Tuesday, July 17, 2012

ARC Review: Lies, Knives, and Girls In Red Dresses by Ron Koertge

Publisher: Candlewick Press
Publication Date: July 10th, 2012

Writing in free verse honed to a wicked edge, the incomparable Ron Koertge brings dark and contemporary humor to twenty iconic fairy tales.

Once upon a time, there was a strung-out match girl who sold CDs to stoners. Twelve impetuous sisters escaped King Daddy's clutches to jiggle and cavort and wear out their shoes. A fickle Thumbelina searched for a tiny husband, leaving bodies in her wake. And Little Red Riding Hood confessed that she kind of wanted to know what it's like to be swallowed whole. From bloodied and blinded stepsisters (they were duped) to a chopped-off finger flying into a heroine's cleavage, this is fairy tale world turned upside down. Ron Koertge knows what really happened to all those wolves and maidens, ogres and orphans, kings and piglets, and he knows about the Ever After. So come closer
- he wants to whisper in your ear.
(Courtesy of Goodreads)

This book was an interesting take on the increasingly popular (and favorite of mine) Fairy Tale Retelling genre.  A quick, engaging read, Lies, Knives, and Girls In Red Dresses is a compilation of several mostly lesser-known (re: haven't yet been raped by Disney) fairy tales, retold in quick, lyrical verse.  Often humorous, always dark, these retellings capture the gist of the original tales, modernizing them, while for the most part, not losing the original cautionary nature.  I didn't like every one. In fact, there were a few that I thought sucked, but there were at least twice as many that I loved.  I thought The Little Match Girl,  Bear Skin, The Robber Bridegroom, and Hansel and Gretel were great, and I especially loved The Princess and the Pea: A Monologue and Red Riding Hood, Home at Last, Tells Her Mother What Happened.  I like dark wit and humor, and those traits abound in this book.  I also need to comment on the illustrations; while I don't know if I would like them alone, they fit the context of this book brilliantly, so kudos to illustrator, Andrea Dezso.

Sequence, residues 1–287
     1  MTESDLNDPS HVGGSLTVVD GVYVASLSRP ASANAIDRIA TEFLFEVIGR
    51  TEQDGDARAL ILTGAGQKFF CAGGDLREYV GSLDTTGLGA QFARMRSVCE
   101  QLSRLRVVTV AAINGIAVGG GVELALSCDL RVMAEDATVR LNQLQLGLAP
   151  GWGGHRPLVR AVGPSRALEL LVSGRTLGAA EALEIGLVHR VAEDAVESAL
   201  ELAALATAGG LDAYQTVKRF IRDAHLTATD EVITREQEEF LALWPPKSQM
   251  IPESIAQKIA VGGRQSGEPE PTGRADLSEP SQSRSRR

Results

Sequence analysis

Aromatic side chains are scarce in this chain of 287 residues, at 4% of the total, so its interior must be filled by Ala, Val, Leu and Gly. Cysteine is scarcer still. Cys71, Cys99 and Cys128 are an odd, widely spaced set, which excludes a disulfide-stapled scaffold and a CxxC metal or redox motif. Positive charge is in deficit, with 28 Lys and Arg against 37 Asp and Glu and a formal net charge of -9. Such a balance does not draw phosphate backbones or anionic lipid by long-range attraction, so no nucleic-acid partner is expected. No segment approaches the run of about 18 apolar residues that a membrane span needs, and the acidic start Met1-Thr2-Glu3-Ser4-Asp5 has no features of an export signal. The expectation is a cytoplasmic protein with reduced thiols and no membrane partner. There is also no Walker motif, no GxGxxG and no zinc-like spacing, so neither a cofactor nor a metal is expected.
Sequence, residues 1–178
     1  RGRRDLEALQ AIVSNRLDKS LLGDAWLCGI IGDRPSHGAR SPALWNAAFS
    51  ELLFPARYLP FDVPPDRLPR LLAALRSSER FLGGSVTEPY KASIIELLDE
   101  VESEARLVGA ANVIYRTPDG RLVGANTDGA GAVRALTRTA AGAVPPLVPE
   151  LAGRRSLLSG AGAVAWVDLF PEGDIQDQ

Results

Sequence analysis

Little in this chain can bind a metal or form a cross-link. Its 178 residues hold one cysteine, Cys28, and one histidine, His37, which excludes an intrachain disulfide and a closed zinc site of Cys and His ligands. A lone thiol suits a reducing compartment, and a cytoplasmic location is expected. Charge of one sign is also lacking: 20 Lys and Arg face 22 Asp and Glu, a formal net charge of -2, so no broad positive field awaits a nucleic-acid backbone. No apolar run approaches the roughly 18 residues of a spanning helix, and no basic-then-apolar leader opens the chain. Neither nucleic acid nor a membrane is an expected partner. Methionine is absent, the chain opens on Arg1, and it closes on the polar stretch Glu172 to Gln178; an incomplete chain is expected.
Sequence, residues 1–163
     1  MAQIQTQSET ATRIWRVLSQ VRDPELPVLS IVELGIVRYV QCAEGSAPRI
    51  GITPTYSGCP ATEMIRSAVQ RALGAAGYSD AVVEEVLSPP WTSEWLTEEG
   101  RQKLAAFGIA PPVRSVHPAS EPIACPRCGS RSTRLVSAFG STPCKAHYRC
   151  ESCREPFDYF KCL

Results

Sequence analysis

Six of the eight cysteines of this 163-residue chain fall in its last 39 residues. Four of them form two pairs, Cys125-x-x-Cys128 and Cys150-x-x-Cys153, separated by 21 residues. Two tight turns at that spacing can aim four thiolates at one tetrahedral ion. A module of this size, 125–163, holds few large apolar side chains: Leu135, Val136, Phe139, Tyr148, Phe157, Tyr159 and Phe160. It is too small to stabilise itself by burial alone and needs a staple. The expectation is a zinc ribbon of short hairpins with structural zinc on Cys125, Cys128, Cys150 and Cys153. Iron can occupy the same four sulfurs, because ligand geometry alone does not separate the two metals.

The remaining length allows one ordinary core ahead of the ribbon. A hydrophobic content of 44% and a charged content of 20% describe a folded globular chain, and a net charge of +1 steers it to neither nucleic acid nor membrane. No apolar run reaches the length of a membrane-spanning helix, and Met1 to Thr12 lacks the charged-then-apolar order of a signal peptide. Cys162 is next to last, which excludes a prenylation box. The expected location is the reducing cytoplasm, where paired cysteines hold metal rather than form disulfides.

My biggest complaint about this book is that I don't really think it has much of a market, which is sad.  I think the vast majority of YA readers aren't going to get it or find it interesting, and it's not really appropriate for younger readers.  I think it really takes an adult mind to appreciate it, and I think most adults won't give it a fair shot because of its length (a mere 96 pages) and subject matter.  Of course, they would be mistaken...

My Rating: ★ ★ ★ ★  

Grade Level Recommendation:  This book would be best suited for a more intellectually-minded, older teen or adult.


  1. I have this out from the library right now. I haven't flipped through it, but my impression is that adults would like it better than teens.

  2. I must admit, I hadn't heard of this book, but it sounds really good! Definitely going on my TBR list :)

  3. I was originally drawn to this review because of the eye catching book cOver and I'm happy that I was. This sounds like an amazing book - I love anything fairy tale related. Thank you for putting it on my radar


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